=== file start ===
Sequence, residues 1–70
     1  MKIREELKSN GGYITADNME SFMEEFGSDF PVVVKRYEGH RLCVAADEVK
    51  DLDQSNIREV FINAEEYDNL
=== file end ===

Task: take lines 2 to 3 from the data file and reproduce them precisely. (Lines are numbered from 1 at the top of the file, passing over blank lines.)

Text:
     1  MKIREELKSN GGYITADNME SFMEEFGSDF PVVVKRYEGH RLCVAADEVK
    51  DLDQSNIREV FINAEEYDNL